If you love spicy food, then you’ll fit right in!

Oftentimes, the locals will be impressed if you can tolerate the heat, and you’ll have plenty of opportunities to show off. After all, you can hardly walk a block in Seoul without seeing a place advertising a food surrounded by flames.

If you can’t handle spicy food, there are still plenty of things for you to try, but you need to be vigilant; sometimes a spicy flavour will creep in places you’d least expect, like in fried chicken or pasta.

While it may not be what South Koreans deem spicy, there might still be some undeniable heat there. It’s totally feasible for you to get a plate of spaghetti that’s too spicy for you to finish!

☞ Can’t decide on a good neighbourhood in Seoul? Check out Where To Stay in Seoul

4. Gimbap is a Miracle Food

It doesn’t look like much — kind of like a huge sushi roll stuffed with items other than fish. But gimbap (or kimbap, 김밥), is a very unique dish, and you’ll have a hard time finding another food with the same combination of nutrition, a low price, and pure deliciousness.

A roll generally costs about 2-4,000₩ ($1.75 – $3.50), depending on the ingredients, but it eats like a full meal. 

Gimbap is the same concept as sushi, with a seaweed wrapper (gim) and rice (bap) surrounding several other ingredients. But, unlike sushi, those ingredients can be anything — not just seafood. Most rolls of gimbap come pre-sliced and include between 8-12 pieces.

Some common ingredients include carrots, spinach, pickled radish, cucumber, egg, and some sort of meat. This may be beef, ham, sausage, crab sticks, or even Spam! (Incidentally, Spam is frequently eaten in Korea and is actually something of a delicacy.)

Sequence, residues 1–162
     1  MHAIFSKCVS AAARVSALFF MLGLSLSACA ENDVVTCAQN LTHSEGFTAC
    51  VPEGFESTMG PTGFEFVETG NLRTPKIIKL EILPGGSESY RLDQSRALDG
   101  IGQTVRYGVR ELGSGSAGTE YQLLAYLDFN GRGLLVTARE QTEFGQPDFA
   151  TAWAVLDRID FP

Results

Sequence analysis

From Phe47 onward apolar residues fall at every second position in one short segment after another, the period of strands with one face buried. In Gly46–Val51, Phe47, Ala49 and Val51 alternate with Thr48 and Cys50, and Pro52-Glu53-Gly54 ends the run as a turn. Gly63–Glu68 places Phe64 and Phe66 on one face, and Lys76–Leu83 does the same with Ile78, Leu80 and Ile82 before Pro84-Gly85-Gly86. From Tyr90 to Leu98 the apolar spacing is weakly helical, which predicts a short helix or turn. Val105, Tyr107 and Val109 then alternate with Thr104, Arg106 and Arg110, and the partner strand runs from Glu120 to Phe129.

There are restaurants specializing in gimbap, but you can also find them at stalls and your average convenience store.

5. Don’t Snub Convenience Store Dishes

To Westerners, the concept of buying sushi from 7-Eleven is probably deeply unsettling. Don’t assume Korean convenience stores are the same, however. Freshly prepared food is commonplace in most of these stores. While it isn’t exactly restaurant quality, it will be tasty and will help keep your food costs in Korea at a low.

If you’re just looking for a filling snack, you can usually purchase gimbap or rice balls for a couple thousand won. But if you’re looking for a full, multi-course meal, you can often find a whole boxed-lunch set for just 4-6,000₩ ($3.30 – $5). While it won’t be a three-star meal, it will taste better than you’d expect for the price you pay.

Korea Food

Speaking of cheap food you can buy in a convenience store, if you’re into the instant noodle scene, you may be overwhelmed by the selection here. Entire aisles of “ramyun” in countless flavors can be found in any store, and usually for between 1-2,000₩ ($0.87 – $1.75) each.